| Dick Langlois |
The new table-of-contents alert from Industrial and Corporate Change carries an interesting new paper by Carliss Baldwin and her coauthors called “The Architecture of Transaction Networks: A Comparative Analysis of Hierarchy in Two Sectors.” Here’s the abstract:
Many products are manufactured in networks of firms linked by transactions, but comparatively little is known about how or why such transaction networks differ. This article investigates the transaction networks of two large sectors in Japan at a single point in time. In characterizing these networks, our primary measure is “hierarchy,” defined as the degree to which transactions flow in one direction, from “upstream” to “downstream.” Our empirical results show that the electronics sector exhibits a much lower degree of hierarchy than the automotive sector because of the presence of numerous inter-firm transaction cycles. These cycles, in turn, reveal that a significant group of firms have two-way “vertically permeable boundaries”: (i) they participate in multiple stages of an industry’s value chain, hence are vertically integrated, but also (ii) they allow both downstream units to purchase intermediate inputs from and upstream units to sell intermediate goods to other sector firms. We demonstrate that the 10 largest electronics firms had two-way vertically permeable boundaries while almost no firms in the automotive sector had adopted that practice.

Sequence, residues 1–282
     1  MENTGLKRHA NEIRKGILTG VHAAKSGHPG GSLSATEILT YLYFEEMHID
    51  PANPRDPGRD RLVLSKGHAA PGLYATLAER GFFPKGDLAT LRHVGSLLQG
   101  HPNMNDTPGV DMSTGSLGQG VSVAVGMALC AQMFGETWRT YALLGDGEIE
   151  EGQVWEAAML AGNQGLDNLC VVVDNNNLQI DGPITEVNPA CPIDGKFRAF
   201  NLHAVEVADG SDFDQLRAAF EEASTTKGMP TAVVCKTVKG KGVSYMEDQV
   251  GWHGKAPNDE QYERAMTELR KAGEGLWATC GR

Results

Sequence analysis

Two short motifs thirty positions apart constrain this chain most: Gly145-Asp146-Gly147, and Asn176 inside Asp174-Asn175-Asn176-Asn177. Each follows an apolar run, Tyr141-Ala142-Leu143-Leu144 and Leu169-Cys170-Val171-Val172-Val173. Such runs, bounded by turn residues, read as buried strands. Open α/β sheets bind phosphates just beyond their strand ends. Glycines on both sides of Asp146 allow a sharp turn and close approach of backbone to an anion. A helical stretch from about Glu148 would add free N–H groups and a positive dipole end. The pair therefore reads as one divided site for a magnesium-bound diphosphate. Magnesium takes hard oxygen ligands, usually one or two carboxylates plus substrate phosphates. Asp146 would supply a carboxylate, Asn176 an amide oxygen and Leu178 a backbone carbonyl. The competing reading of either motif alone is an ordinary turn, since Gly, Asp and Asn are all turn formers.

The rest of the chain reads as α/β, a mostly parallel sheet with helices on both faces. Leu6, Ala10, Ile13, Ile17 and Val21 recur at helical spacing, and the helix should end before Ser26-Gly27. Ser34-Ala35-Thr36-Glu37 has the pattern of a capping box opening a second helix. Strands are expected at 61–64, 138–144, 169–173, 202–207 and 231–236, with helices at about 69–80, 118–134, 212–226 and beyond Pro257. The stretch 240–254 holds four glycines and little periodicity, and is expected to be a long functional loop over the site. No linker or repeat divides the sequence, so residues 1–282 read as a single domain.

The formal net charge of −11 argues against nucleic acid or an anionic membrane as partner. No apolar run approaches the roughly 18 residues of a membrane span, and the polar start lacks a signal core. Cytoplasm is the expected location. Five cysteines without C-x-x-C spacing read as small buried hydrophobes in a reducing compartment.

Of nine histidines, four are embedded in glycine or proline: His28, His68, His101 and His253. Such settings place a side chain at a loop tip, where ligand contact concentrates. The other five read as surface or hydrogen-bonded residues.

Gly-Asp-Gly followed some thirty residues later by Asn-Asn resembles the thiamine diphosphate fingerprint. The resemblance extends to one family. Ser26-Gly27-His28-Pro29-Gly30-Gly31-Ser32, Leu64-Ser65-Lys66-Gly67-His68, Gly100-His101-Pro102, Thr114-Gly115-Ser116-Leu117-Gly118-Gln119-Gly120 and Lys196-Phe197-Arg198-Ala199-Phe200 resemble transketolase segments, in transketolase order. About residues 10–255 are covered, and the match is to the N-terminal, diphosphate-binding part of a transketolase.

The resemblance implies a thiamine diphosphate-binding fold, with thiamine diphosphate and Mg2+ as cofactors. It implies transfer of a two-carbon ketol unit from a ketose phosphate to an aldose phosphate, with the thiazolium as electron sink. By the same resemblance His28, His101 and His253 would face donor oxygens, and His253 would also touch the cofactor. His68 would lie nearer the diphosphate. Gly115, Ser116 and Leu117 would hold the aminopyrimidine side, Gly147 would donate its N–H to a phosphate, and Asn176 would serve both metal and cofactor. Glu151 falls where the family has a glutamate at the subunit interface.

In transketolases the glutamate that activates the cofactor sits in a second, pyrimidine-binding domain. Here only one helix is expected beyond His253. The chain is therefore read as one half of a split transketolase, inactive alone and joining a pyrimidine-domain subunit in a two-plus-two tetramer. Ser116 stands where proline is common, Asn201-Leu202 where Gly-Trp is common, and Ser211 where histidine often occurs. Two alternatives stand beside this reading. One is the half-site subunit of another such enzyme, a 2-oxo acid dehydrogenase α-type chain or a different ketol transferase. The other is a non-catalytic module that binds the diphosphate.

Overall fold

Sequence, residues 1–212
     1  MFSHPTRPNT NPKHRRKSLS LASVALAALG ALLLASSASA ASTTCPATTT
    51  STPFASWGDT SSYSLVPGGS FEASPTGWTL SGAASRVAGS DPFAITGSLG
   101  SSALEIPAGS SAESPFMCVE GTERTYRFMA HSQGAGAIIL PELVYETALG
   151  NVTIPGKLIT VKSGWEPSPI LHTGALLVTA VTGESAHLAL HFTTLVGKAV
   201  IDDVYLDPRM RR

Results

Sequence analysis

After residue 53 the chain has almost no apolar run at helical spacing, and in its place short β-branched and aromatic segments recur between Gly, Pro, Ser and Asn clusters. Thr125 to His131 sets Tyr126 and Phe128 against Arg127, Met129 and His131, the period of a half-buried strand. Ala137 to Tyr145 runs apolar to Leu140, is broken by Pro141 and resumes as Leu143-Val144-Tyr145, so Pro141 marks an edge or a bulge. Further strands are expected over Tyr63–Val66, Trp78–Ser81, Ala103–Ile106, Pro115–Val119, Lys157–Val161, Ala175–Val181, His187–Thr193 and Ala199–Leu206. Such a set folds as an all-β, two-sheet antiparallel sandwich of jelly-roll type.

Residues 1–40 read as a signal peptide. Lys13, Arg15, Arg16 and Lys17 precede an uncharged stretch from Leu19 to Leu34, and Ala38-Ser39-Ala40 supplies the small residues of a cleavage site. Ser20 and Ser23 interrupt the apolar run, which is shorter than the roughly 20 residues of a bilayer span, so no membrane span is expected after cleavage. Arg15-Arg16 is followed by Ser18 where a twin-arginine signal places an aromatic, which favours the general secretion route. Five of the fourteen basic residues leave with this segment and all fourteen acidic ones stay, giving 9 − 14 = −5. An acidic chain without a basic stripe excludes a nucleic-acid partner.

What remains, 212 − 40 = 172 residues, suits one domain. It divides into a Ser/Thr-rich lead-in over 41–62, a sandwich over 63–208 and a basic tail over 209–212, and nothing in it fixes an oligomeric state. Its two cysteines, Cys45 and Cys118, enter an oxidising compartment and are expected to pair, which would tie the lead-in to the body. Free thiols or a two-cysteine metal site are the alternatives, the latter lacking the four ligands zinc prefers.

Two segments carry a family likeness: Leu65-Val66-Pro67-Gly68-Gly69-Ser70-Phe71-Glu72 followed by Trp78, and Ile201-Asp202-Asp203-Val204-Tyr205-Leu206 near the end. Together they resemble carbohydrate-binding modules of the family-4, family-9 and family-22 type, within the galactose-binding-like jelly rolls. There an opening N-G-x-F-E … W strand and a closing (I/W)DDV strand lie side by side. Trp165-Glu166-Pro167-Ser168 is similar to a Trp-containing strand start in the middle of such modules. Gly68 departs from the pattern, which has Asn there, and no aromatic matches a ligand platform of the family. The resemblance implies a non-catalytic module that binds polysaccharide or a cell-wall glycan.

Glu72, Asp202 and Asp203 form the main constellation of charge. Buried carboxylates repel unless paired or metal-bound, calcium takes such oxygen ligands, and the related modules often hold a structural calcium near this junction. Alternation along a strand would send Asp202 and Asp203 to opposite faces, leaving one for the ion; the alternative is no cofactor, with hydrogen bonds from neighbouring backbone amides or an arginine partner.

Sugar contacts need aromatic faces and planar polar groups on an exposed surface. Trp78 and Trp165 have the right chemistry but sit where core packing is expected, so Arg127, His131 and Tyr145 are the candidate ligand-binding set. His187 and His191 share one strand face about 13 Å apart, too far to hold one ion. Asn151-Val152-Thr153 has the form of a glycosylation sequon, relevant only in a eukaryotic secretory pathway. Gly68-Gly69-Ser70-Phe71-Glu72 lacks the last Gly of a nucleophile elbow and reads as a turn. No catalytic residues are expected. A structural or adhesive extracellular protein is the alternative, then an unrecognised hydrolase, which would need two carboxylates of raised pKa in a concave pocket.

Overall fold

As I was downloading the article from the ICC website, a link to the Best Twenty ICC Articles from First Twenty Years of Publication (1992-2011) caught my eye. Definitely some interesting and important articles on this list, which was chosen by the editors. But I was struck that there is no overlap at all between this list and the list of 20 most cited articles in ICC. On a quick and sloppy count, there is an overlap of only 3 with the top 50 most cited. (Similar story for most read, where there is one overlap with the top 20.) Given my interest in this odd fact, perhaps you can guess on which lists my own articles lie.